Search command history on bash

ctrl + r
Very handy and time-saving. Do a 'ctrl+ r' on command prompt. You will see a "(reverse-i-search)`':" mark. Just type any sub-string of the command you want to search(provided you have used it sometime in the same session). Keep on searching by repeatedly pressing ctrl+r. Press enter once you get the desired command string.
Sample Output
blue] $
(reverse-i-search)`': ls

#Press enter to run the selected command.

9
By: Bluehive
2009-06-25 06:51:38

What Others Think

Great! Very useful
brausen · 485 weeks and 4 days ago
Personally, I prefer bash's "history-search-backward" function, which takes what you've already typed and searches backwards. This is also the way tcsh's esc-p history search works. I am usually in the middle of typing a command when I want to search for it. Using ctrl-r requires you to erase what you've already typed before typing it again after doing the ctrl-r.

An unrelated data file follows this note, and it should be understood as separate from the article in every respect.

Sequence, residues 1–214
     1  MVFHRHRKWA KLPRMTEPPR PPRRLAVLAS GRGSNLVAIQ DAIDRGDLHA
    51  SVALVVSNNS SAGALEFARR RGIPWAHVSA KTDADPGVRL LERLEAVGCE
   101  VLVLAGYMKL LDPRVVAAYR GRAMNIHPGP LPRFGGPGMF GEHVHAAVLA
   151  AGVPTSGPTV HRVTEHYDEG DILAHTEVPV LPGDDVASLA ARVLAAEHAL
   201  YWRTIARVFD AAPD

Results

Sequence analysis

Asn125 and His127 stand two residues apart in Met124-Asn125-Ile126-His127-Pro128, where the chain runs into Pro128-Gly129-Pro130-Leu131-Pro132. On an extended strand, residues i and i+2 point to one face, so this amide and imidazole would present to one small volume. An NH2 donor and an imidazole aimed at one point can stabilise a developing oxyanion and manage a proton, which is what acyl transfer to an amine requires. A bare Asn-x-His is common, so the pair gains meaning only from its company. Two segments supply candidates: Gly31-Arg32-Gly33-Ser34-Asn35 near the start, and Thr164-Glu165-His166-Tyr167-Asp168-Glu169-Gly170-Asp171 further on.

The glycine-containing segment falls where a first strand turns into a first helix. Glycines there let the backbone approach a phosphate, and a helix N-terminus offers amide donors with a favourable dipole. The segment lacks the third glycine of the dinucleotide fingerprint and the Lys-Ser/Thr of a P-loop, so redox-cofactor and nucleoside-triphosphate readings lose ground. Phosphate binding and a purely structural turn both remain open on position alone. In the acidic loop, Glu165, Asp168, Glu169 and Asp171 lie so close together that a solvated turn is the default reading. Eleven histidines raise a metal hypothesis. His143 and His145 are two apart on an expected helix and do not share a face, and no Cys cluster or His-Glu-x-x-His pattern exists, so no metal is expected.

rae · 485 weeks and 4 days ago
Instead of erasing what you are typing to do the Ctrl-R, you can do a Ctrl-C. It will put you back to the beginning of a command line but leaves the command you just wrote on the line above. Lets you copy from that command.
fritz_monroe · 485 weeks and 3 days ago
reverse search
ncaio · 485 weeks and 3 days ago

What do you think?

Any thoughts on this command? Does it work on your machine? Can you do the same thing with only 14 characters?

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